With Election Day just weeks away, the Hoboken Electoral Council race is shaping up to be the most contentious in Hudson County.
Just under 10 months after a polarizing referendum on a A new $241 million high school has failed, eight candidates are vying for three seats and only one is incumbent. The Jersey Journal asked this year’s nominees about transparency, post-COVID-19 needs, facilities and more.
There are two lists of three candidates and two unaffiliated candidates.
The Leadership That Listens slate includes Alejandro De La Torre Jr., Antonio Graña and Leslie Norwood. De la Torre, who works in finance, was named to the board in 2018. Graña, who works in business management, is a Zoning Board Appeals Commissioner and involved with Connors Elementary and Hoboken Middle School PTO. Norwood, a securities attorney and federal lobbyist, is a member of the board of directors of the Hoboken Public Education Foundation, Brandt PTO and the Hoboken Special Needs Parent Advisory Group.
The Kids First slate is made up of Donna Magen, who works in sales and hospitality; Pavel Sokolov, CPA (and employee of Advance Publications, the Jersey Journal’s parent company), high school anti-referendum campaign leader, and chairman of the Hudson County Young Republicans; and Cindy Wiegand, who works in consumer insights and ran unsuccessfully for city council.
The unaffiliated candidates are John Madigan, a former board of education, and Patricia Waiters, who works in school district safety and president of a union for guards, teacher’s aides and paraprofessionals (a role which she said she would quit if she wins). Madigan did not respond to interview requests.
Transparency and referendum
Transparency is arguably the hottest topic of the election campaign this fall. The current board has been roasted over the winter for its handling of the January referendum on a new Hoboken secondary school, and the Leadership That Listens and Kids First lists feature transparency as a key pillar of their platforms.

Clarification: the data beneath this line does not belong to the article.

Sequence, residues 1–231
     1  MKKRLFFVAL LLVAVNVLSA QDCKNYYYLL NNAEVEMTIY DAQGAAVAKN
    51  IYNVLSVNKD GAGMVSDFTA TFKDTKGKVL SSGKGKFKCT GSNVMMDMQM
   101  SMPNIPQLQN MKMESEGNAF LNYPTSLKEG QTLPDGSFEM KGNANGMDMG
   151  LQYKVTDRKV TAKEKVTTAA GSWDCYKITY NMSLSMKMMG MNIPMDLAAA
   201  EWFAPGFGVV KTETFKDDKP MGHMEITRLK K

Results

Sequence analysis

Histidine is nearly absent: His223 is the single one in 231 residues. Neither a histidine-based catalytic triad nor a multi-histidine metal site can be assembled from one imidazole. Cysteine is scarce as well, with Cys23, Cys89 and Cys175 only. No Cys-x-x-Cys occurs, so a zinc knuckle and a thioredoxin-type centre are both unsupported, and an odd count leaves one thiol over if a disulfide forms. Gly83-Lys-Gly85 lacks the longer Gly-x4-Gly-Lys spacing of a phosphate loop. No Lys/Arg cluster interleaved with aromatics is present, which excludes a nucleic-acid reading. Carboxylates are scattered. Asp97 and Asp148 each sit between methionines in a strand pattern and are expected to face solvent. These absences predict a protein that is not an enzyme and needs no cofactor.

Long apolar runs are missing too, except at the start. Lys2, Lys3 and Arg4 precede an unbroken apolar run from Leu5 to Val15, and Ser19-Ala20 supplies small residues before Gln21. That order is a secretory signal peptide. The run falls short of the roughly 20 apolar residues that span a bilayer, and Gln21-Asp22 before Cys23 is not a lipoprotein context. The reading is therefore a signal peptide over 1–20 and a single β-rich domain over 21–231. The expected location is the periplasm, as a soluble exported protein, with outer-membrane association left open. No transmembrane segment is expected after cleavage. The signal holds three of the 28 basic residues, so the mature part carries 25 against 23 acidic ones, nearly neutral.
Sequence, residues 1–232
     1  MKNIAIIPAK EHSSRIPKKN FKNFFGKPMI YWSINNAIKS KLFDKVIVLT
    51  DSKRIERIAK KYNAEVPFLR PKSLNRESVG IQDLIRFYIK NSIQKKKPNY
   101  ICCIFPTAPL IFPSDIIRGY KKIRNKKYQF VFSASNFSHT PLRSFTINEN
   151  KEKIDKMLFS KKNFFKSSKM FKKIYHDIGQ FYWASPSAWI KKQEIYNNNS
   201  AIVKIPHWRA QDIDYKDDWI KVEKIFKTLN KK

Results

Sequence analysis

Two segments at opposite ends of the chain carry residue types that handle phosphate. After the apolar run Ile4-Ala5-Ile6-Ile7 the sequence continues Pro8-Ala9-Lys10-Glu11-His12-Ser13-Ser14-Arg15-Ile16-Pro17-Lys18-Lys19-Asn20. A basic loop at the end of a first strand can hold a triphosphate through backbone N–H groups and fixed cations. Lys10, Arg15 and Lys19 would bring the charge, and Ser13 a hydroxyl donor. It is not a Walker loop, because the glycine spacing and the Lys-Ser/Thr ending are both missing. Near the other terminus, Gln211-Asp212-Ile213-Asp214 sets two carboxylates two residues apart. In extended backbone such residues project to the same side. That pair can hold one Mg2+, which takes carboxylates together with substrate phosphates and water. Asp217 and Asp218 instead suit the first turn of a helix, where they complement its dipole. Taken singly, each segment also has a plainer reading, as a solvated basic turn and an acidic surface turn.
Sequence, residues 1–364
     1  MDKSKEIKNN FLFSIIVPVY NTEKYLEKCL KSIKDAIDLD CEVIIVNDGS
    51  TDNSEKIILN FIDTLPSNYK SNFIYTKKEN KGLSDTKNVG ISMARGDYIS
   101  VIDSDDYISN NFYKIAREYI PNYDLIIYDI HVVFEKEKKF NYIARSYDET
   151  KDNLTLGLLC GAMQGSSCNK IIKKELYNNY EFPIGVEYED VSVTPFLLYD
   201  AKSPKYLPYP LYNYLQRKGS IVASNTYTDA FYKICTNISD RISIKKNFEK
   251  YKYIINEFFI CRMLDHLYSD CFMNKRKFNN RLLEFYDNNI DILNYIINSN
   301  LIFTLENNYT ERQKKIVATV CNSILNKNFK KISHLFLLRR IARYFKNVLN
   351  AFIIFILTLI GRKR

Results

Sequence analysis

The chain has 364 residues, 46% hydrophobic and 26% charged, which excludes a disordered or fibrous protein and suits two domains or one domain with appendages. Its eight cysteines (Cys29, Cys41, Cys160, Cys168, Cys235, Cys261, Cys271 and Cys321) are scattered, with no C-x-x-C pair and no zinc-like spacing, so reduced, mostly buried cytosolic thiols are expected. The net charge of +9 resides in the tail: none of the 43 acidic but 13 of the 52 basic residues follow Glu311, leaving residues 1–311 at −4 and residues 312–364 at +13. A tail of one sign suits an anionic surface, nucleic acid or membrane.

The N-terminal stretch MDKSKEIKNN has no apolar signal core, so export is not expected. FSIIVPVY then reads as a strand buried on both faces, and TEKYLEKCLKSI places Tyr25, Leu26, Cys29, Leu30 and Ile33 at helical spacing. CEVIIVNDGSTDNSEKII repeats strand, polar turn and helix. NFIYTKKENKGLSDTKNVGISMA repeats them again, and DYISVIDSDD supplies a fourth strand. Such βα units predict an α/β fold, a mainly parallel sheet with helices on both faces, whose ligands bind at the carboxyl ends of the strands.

In a heavily criticized decision, the board waited until late November to announce that the new high school proposal would be up for a ballot in a special election in January, limiting public debate over a $241 million spending.
When asked, Sokolov and Wiegand offered concrete changes they believe need to be made to achieve increased transparency, including gathering community feedback before plans are finalized, holding ongoing forums, and posting consistent surveys. . Magen did not provide specifics on how the board should involve the community, but called the referendum “a perfect example of something that should have involved the community from the start and in a very more significant”.
Norwood offered a handful of ideas for new transparency-focused efforts, including a quarterly mailing on school developments and livestreaming board meetings.
“All public documents, such as the long-term facilities plan, should be made public on the BOE’s website as soon as they are filed with the NJ BOE,” Norwood said. “Community input should also be sought on any major capital project through a variety of meaningful ways prior to project finalization, including: stakeholder meetings, surveys, and focus groups.”
She and Graña agreed that the council should have involved the community more in preparing for the referendum vote, but Graña said he felt the council had already started to fix this through recent community roundtables and had not offered other ideas for new initiatives. De La Torre, who was on the board that delayed announcing the high school plan, now says the referendum could have been handled better with more community involvement. Now, he says he wants to work with the district administration and the city government to publicize the district’s major initiatives.
Servers said engagement with the wider community is long overdue, but that winning back the trust of black and brown families, many of whom she says have felt underserved by the district for years, is her own challenge. Her personal connections to these communities and her care could help bridge that gap, she said.